When abrasive water jet machine cutting technology was invented and fully developed, it provided a much-needed reprieve to the manufacturing and metal fabrication industries.
This success can be attributed to the numerous benefits of the system over existing cutting methods like punching, laser, and plasma cutting. It quickly rose in popularity due to its unparalleled performance, high level of precision, capacity, versatility, and productivity.
Much like any other cutting methods, waterjet systems require routine maintenance from time to time. This will help these machines at their top form, and their output at their best.
The extraction and eventual removal of spent abrasives from the tank are considered among the routine maintenance works for this type of material cutting equipment.
The abrasive materials used by a waterjet tank will gradually and eventually fill up until such time that it reaches the table’s working surface and will render it no longer usable.
The moment that time comes, it will call for thorough waterjet cleaning to keep the system going well. It is maintenance work that must be carried out with regularity.
This can be done by employing any of the following methods.
Defining What Water Jet Cutting is All About
Water jet machines use a mixture of high-pressure water driven through a minuscule orifice to create a high-velocity jet stream. This jet of pressurized water comes out of it at a remarkable speed that can reach over 2X the speed of sound!
It will be so intense that it can cut and slice through solid objects. Or, as some have put it, it can grind its way through your materials, no matter what they are. It works even on tough objects like metals.
To further intensify its cutting power, the jet stream can be combined with sharp and hard abrasive particles like garnet. Garnet is particularly good for this purpose. The abrasive mixture is then directed back into the waterjet stream via a focus tube.
The resulting abrasive mixture is then directed into a jet stream via a nozzle called a “focus tube”. It is then directed to the workpiece, where it is shaped and carved using CNC axis control.
Depending on the pump horsepower, the pressure used, and the application it was on, these cutting machines use around 34 up to at least 2 pounds of abrasive material during the entire cutting course.
After passing through the material, the abrasive would break down into manageable chunks and settle to the bottom of the work tank, with the inherent risk of building up over time. Eventually, it will need to be removed, either manually or with the use of another automated or semi-automated machine.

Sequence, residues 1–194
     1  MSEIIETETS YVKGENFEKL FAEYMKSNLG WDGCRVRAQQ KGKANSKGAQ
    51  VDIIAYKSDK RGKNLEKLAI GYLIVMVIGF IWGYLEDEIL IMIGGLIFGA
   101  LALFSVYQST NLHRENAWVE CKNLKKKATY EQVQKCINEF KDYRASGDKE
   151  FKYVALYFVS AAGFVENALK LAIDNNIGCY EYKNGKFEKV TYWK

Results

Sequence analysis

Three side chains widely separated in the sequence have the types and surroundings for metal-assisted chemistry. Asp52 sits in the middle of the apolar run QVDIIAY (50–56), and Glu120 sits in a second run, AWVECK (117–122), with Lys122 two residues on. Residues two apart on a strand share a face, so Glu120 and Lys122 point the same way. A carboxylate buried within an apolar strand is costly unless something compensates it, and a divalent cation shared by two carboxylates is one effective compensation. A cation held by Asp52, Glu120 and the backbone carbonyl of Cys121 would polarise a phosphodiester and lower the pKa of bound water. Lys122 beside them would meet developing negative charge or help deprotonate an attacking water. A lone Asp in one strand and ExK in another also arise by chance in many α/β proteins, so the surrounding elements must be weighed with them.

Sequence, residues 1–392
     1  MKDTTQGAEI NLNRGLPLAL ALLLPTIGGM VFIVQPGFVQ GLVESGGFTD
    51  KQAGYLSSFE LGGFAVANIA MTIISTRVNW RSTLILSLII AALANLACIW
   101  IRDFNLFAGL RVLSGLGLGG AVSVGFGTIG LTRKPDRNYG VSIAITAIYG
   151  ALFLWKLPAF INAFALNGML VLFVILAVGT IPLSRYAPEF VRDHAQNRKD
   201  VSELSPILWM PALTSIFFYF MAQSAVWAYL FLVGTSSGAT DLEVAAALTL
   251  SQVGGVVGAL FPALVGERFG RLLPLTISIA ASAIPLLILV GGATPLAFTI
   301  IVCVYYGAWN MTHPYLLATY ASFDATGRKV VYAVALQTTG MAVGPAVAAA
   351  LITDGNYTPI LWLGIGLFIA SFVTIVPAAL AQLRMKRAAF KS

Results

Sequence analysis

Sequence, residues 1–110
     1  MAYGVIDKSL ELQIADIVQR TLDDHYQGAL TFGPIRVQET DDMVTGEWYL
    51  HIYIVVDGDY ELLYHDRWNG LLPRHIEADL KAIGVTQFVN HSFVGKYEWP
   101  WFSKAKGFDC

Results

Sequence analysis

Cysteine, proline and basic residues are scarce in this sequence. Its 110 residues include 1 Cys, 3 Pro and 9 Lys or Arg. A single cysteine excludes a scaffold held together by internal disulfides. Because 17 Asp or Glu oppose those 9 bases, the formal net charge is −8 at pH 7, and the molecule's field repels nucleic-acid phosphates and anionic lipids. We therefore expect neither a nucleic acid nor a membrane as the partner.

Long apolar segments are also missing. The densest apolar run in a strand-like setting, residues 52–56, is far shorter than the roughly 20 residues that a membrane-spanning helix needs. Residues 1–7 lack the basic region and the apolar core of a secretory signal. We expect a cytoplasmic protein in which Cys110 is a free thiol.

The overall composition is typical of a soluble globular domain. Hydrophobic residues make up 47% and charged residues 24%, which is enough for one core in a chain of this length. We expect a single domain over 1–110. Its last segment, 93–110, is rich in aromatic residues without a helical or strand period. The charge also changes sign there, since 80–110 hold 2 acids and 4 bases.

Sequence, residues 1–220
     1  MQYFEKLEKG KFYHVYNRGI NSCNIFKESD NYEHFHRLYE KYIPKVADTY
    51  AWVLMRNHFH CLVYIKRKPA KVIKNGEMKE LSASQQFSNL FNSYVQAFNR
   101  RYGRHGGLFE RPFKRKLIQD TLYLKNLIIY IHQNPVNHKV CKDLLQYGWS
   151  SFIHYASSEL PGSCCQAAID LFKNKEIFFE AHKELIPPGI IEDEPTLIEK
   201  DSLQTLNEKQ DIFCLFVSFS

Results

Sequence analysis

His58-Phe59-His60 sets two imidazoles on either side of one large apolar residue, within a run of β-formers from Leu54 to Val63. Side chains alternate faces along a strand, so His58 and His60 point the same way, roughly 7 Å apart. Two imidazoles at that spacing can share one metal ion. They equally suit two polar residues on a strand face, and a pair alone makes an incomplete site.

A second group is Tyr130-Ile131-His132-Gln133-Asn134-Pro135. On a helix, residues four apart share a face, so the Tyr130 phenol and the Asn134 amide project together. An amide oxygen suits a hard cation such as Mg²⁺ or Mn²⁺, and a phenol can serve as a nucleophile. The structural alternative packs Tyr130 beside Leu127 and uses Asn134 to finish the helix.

There are plenty of options to keep your waterjet running and working efficiently with minimal downtime for tank cleanout and abrasive removal. Here are some of the methods usually employed for this.
Automatic Abrasive Removal Systems
Automated abrasive removal systems are touted as the latest and most effective way to clean abrasives in a waterjet machine. They are built directly into the system’s tank and thus would automatically keep it clean. It is a simple and fast method that can be programmed to keep the water jet equipment free of spent abrasives.
Portable Abrasive Extractors
A portable waterjet cleanout device is another excellent option. They are qualified as industrial-grade wet vacuums and are designed to suction up spent abrasive that has settled at the bottom part of the tank. It comes with a long hose and nozzle for this purpose.
These vacuums can cover a third of what can be done by automatic systems. Another vantage point it can offer is, manufacturing bodies can use it on several of their water jet cutting machines.
Shoveling Out the Waterjet Tank
Shoveling is our last process on the list, which is a standard procedure for new users of waterjet systems. A method like this involves the removal of abrasives with a backhoe or a shovel. But it is necessary to lock the waterjet first, eliminate the slates and grates, and clear the tank of water for a full tank cleanout work.
If you’re operating with a backhoe, be extremely careful not to damage the motion components of the machine. If you employ the use of a manual process, the workers will have no other way but to climb themselves into the tank and manually shovel out loads of accumulated abrasives.
Generally, this is going to be a full-day project if completed manually and thus should not be underestimated in any way.
Repurpose Used Abrasive
Remember, you can repurpose used abrasive garnet particles for other applications. They can be recycled in a sandblasting procedure or you can have them as a filler in concrete mixtures or as a hardener in cement blocks.
When trying to shop for a water jet machine for your material cutting concerns, one of the many factors you need to consider is how you can clean out and dispose of used waterjet abrasives. If you come across such an item that offers the greatest convenience in this area, consider it a good deal for purchase.